Love in the Time of Nazis
I've had a month to mull it over and I am ready to put words to my situation with my daughter. I am prompted by an e-mail I received from her today--nothing personal, just a random (and poorly informed) anti-French thing she forwarded to her whole list--but it left me with the feeling that she was reaching out to someone, somewhere. At least she did not delete me from her e-mail list, which I take as a hopeful sign.
We have had a difficult relationship, as many mothers and daughters do. But it wasn't always so. I remember the many times I felt completely blissed out by the smell of her hair or the little dimples on the back of her hands, how complete I felt with her tucked in safe in the next room. I treasure every one of her childhood particulars and can hear her voice in my mind at two, and six, and twelve. I will always have knowledge of her as the sweet and divine being she was before the culture and hormones took her to some dark place from which she has not returned.
I can see now how I have played Demeter to her Persephone, clinging and wailing as she pulled away from me and put herself in Pluto's path. And I can see that it is time to let her go. I was reminded of this last week when my partner and I happened to catch "The Horse Whisperer" on cable. That movie came out in 1998, the year before our lives fell apart. Because she was enamored of horses and a gifted rider, I took my daughter to see the movie after school one day in May of that year. It turned out to be one of those stories in which the characters were, then and now, archetypal forces that I recognized and felt deeply. There is a scene near the end where Robert Redford's character, who has been instrumental in healing a damaged horse and its damaged rider after a horrible accident, tells the young rider "There's a time coming when you're not going to need me any more, and that's time's now." It's a wrenching moment. It's the essence of what it's like to know the end of your abilities and the beginning of possibilities that will not be yours to see. It is a potent reflection of where we are now, my willful sprite and me. The time for assessing and intervening is past, and she can ride this horse or not. Time will tell.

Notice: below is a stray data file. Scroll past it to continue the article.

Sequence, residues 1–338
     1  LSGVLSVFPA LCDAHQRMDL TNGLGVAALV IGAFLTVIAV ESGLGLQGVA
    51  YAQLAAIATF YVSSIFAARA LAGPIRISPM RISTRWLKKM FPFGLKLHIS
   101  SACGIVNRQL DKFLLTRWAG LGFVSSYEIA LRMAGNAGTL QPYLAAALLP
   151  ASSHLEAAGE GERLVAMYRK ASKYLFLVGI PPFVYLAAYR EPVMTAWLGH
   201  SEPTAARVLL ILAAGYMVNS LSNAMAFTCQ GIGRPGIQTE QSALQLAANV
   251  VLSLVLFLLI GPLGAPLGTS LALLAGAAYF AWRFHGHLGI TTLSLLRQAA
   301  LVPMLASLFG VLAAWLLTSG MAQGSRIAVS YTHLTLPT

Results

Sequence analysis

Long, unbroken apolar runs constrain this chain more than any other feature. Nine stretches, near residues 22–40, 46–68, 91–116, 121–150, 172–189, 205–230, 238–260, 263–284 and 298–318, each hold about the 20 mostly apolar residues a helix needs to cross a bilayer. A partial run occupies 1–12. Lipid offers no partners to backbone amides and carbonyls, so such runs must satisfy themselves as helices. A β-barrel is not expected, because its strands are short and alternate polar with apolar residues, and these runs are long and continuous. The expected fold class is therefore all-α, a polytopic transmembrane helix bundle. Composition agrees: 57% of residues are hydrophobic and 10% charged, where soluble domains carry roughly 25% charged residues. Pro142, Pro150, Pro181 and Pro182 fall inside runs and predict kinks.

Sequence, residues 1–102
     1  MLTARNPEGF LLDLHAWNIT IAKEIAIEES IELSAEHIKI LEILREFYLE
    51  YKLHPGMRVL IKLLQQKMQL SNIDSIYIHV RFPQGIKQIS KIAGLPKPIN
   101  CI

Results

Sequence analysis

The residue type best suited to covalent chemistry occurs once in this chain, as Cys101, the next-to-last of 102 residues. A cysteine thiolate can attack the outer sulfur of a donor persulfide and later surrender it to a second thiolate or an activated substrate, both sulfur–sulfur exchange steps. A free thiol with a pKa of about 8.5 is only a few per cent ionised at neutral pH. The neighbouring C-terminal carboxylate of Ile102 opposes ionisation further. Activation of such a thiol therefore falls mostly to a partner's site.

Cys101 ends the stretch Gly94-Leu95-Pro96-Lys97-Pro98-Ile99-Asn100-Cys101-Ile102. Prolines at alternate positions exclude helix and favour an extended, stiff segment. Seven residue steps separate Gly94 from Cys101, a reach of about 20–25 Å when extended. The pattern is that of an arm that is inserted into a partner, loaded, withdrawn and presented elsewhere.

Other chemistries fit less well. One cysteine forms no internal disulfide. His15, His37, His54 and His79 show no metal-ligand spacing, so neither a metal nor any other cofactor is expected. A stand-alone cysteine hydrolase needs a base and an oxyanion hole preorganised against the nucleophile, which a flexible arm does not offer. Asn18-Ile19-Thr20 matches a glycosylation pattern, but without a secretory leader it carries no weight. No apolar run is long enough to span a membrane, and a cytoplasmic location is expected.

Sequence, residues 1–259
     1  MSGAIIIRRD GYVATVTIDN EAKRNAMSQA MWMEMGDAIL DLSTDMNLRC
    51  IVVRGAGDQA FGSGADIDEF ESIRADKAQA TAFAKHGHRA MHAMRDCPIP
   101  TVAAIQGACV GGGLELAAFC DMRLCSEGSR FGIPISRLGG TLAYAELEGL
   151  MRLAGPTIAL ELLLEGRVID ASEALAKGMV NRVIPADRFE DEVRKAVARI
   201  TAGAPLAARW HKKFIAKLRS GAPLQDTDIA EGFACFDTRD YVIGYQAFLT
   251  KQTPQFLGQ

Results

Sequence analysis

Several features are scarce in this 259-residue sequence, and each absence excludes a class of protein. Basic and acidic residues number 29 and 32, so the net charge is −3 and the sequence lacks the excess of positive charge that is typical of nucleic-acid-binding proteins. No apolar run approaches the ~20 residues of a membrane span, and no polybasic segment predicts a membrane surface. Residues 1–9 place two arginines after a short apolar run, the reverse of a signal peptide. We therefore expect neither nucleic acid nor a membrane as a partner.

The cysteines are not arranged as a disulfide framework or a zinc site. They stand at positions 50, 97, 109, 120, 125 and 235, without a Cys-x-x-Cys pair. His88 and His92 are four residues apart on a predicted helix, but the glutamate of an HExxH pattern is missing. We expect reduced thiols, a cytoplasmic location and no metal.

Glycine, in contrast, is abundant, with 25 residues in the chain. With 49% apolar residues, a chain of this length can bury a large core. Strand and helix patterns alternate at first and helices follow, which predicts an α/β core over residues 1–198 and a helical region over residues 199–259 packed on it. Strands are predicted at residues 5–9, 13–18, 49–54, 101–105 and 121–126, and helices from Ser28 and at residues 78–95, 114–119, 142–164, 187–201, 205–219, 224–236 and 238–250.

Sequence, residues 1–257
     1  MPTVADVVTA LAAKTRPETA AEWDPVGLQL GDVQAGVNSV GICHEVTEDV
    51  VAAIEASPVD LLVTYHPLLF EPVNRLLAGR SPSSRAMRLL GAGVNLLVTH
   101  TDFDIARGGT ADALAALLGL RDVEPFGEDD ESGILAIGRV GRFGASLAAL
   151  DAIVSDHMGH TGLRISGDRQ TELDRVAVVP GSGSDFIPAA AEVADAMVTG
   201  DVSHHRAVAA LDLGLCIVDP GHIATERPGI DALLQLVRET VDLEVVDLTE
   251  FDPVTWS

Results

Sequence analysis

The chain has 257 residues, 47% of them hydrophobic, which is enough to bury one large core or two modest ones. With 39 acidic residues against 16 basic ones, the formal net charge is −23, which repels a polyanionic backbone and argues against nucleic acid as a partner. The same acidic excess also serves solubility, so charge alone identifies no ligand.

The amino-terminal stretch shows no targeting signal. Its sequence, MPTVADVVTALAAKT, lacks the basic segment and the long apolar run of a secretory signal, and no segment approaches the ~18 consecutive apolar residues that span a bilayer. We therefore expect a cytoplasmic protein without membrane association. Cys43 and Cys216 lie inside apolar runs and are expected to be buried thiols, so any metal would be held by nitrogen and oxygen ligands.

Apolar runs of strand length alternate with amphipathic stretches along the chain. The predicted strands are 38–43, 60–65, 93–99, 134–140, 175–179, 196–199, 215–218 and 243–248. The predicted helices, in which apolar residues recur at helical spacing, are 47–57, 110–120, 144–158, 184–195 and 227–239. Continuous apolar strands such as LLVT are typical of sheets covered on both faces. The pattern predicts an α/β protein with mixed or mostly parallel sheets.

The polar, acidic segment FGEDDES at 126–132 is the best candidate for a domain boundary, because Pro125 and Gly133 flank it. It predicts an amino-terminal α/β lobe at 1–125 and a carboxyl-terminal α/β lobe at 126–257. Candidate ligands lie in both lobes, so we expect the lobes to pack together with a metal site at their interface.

It was a blessing to see her emerge from the crowd at the airport, from the nightmare of Iraq, into real time and a common place. We had a few good moments in which I remembered how we laugh at the some things and speak to cats in a language that only we comprehend. But too much of our time together was hard. During the course of our visit, I was ignored, snarled at, thanked sarcastically, and pummeled verbally. I was told not to touch her, not to talk to her, that I wasn't on her side, that I didn't understand, that I was beneath contempt. After spending my savings on furniture for her apartment, I was dismissed because I would not buy her cigarettes. I took as much as I could and then I left. We are two very different people traveling radically divergent paths. And yet we are so very much alike: strong, independent, even defiant in our urge for authenticity. Her choices have been driven by her desire to differentiate herself from me, so she quit school, refused counseling for her depression and self-destructive behavior, and joined the military, in part to distance herself from her educated, self-aware, peace activist mom. She accused me of loving her too much and not loving her at all, and the things I endured to find out which one was true would fry anyone's hair. I can still see my beloved baby in her face, contorted by rage and frustration at what she has created for herself, but since our visit I can also see the mask that covers it with false pride and unwarranted confidence. She has set a hard course for herself and it is inevitable that I am somehow to blame for all of it.